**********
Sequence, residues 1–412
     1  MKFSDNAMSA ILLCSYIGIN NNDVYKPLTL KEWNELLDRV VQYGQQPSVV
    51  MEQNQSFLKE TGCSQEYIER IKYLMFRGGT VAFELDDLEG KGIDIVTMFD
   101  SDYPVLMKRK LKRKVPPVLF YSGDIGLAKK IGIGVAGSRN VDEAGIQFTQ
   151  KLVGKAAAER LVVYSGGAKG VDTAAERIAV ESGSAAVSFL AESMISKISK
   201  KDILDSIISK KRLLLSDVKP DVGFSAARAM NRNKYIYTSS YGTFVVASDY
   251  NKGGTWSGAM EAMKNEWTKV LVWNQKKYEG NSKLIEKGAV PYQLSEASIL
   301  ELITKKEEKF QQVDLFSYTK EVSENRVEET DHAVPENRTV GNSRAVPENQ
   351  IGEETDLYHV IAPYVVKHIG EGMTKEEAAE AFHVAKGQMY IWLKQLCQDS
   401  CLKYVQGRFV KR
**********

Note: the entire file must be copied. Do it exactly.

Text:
Sequence, residues 1–412
     1  MKFSDNAMSA ILLCSYIGIN NNDVYKPLTL KEWNELLDRV VQYGQQPSVV
    51  MEQNQSFLKE TGCSQEYIER IKYLMFRGGT VAFELDDLEG KGIDIVTMFD
   101  SDYPVLMKRK LKRKVPPVLF YSGDIGLAKK IGIGVAGSRN VDEAGIQFTQ
   151  KLVGKAAAER LVVYSGGAKG VDTAAERIAV ESGSAAVSFL AESMISKISK
   201  KDILDSIISK KRLLLSDVKP DVGFSAARAM NRNKYIYTSS YGTFVVASDY
   251  NKGGTWSGAM EAMKNEWTKV LVWNQKKYEG NSKLIEKGAV PYQLSEASIL
   301  ELITKKEEKF QQVDLFSYTK EVSENRVEET DHAVPENRTV GNSRAVPENQ
   351  IGEETDLYHV IAPYVVKHIG EGMTKEEAAE AFHVAKGQMY IWLKQLCQDS
   401  CLKYVQGRFV KR